Yemen's president Ali Abdullah Saleh cedes power

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Ali Abdullah Saleh and Abdrabbuh Mansour Hadi at the handover ceremony
Image caption,
Ali Abdullah Saleh (R) is handing power to his deputy Abdrabbuh Hadi (L)

Yemen's President Ali Abdullah Saleh has stepped down after 33 years in power and months of protests which took the country to the brink of civil war.

He formally handed power to his deputy, Abdrabbuh Mansour Hadi, who was sworn in as head of state on Saturday.

The transfer was part of a Gulf Co-operation Council-brokered agreement.

Under the deal, Mr Hadi will serve a two-year term and oversee the drafting of a new constitution. Mr Saleh was also granted immunity from prosecution.

Aides to the former president have said that he plans to go into exile, although there have been problems finding any country that will accept him. The Associated Press quoted Yemeni officials on Monday, however, as saying that Ethiopia had agreed.

Mr Saleh becomes the fourth Arab leader to be removed from power after more than a year of mass protests in the region. He only returned to Yemen on Saturday after receiving medical treatment in the United States for injuries sustained in an assassination attempt last June.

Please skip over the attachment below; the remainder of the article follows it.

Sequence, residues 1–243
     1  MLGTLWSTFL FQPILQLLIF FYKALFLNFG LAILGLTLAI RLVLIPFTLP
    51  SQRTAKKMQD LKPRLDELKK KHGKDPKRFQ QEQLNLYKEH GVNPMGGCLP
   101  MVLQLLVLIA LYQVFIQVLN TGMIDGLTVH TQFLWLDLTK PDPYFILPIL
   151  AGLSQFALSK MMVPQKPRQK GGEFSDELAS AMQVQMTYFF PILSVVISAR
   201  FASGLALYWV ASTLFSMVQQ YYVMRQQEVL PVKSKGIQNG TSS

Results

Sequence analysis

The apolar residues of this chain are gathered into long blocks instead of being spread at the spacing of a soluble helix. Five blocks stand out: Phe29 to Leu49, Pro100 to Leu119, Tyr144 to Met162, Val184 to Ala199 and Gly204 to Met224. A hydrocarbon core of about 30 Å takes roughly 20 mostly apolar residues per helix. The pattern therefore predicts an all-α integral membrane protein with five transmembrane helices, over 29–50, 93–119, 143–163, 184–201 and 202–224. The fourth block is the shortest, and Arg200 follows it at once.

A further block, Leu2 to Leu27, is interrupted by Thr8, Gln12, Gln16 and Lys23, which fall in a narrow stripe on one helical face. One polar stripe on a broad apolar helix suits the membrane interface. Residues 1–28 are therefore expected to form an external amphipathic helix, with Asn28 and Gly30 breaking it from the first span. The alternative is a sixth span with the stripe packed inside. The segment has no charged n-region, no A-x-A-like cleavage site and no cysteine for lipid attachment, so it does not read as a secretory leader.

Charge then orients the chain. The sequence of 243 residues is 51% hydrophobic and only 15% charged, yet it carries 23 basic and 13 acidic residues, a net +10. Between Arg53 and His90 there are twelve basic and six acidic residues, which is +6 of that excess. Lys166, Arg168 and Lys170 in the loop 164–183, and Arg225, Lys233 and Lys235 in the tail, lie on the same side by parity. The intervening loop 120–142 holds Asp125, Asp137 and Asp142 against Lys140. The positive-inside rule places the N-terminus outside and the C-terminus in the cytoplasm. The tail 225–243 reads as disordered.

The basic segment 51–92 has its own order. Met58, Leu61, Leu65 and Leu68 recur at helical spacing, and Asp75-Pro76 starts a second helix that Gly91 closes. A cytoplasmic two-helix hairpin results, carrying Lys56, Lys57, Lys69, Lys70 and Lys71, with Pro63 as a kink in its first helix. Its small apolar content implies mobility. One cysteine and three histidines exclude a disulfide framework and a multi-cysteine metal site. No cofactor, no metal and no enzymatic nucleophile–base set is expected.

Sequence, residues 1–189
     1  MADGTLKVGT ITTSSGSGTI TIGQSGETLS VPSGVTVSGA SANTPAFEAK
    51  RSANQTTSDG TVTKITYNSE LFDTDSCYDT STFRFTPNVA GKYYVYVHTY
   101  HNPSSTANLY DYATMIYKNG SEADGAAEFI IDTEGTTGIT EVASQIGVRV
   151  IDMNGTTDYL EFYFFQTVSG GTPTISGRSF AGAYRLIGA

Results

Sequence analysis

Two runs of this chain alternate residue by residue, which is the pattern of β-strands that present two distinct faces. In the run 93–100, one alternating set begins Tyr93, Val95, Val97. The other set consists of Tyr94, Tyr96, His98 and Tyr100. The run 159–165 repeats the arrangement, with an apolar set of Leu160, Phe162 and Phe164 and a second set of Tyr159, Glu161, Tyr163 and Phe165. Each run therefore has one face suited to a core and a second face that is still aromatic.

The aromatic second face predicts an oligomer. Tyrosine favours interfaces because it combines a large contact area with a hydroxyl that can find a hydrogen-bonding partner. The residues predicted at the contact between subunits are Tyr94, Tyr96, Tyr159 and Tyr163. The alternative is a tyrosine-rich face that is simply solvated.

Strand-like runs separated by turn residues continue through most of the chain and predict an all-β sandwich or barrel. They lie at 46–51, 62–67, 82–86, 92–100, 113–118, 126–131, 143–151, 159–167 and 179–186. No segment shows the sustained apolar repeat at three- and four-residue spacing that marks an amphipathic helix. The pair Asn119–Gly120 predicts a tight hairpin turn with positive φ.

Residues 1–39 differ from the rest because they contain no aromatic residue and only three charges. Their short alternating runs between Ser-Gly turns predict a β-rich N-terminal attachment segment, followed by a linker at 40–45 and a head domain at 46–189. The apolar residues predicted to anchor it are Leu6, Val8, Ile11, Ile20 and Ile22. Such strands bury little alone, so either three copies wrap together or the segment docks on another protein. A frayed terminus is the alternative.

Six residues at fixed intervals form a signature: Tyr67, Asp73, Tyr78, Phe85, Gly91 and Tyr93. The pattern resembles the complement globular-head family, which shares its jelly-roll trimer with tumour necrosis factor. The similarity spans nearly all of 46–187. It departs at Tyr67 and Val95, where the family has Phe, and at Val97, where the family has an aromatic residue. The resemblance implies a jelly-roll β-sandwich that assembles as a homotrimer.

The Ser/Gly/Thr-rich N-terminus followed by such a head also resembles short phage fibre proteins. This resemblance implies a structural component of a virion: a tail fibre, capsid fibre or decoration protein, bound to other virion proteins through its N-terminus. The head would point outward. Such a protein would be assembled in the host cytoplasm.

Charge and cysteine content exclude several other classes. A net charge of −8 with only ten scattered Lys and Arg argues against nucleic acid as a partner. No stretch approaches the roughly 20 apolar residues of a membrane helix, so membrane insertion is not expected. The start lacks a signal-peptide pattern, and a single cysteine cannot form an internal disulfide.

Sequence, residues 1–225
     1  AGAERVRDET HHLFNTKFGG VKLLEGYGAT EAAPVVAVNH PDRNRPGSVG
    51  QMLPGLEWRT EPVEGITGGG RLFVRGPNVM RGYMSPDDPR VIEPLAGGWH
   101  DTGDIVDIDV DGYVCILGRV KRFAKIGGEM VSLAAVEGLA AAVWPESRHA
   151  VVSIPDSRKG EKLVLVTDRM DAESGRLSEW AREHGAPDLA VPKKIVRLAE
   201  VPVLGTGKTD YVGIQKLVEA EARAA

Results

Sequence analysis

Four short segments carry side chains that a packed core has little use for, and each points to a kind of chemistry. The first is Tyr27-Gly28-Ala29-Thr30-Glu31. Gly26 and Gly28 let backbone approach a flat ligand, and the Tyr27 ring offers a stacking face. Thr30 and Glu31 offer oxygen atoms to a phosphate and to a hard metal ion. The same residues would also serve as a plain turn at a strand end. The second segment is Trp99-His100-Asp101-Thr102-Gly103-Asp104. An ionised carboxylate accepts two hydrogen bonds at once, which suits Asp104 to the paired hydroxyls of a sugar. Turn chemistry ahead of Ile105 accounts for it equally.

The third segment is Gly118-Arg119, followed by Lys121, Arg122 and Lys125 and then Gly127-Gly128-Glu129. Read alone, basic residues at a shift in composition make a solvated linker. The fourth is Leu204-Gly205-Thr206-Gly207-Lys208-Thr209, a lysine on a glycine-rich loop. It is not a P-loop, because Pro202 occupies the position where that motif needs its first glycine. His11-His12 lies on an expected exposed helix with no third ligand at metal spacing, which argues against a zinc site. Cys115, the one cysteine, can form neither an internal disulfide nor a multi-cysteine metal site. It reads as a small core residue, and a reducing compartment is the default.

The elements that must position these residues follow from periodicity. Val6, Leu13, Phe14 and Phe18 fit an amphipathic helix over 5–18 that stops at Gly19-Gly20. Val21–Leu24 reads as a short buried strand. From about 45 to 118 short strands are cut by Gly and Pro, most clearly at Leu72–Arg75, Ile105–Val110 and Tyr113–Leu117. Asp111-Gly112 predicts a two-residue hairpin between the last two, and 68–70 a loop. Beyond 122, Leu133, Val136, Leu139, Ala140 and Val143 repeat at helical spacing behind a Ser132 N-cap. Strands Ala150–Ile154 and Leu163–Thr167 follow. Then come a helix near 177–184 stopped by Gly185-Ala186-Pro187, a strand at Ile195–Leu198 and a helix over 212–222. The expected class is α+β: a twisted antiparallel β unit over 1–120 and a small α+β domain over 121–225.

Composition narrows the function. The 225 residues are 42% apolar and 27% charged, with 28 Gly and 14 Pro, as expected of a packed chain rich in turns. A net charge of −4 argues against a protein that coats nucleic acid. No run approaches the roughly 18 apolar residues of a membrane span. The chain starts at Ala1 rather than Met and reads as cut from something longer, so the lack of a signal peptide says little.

After handing Mr Hadi the flag of Yemen at the ceremony, he said: "I hand over the banner of the revolution, of the republic, of freedom, of security and of stability... to safe hands."

He also called on the country to unite behind the new leader.

Opposition MPs boycotted the ceremony because of Mr Saleh's presence. Security forces controlled by him and his family, as well as armed loyalists, were blamed killing hundreds of people during the 11-month uprising that forced him to step aside in November.

Challenges ahead

Mr Hadi was sworn in as Yemen's new president on Sunday after an election in which he was the only candidate.

Tuesday's poll was marred by violence in the south of the country in which nine people were killed. A car bomb also exploded in Hadramawt province on Saturday, killing 26 people.

Correspondents say the violence underscores the challenges Yemen - the poorest country in the Arab world - still faces after the departure of Mr Saleh.

Mr Hadi has to tackle widespread poverty and malnutrition, a secessionist movement in the south, rebellions across the country and a fight against al-Qaeda militants.

At his swearing-in ceremony in parliament, he promised to work to bring home the thousands of internal refugees created by fighting between government troops, southern separatists, mutinous military units, and other factions.

"Today, we are laying the new basis for the peaceful transfer of power. This rule, which we hope will continue in this manner, is a demand of the Yemeni people," Mr Hadi said.

"One of the most prominent tasks is the continuation of war against al-Qaeda as a religious and national duty, and to bring back displaced people to their villages and towns," he added.

He is expected to serve a two-year term to pave the way for new parliamentary and presidential elections in 2014.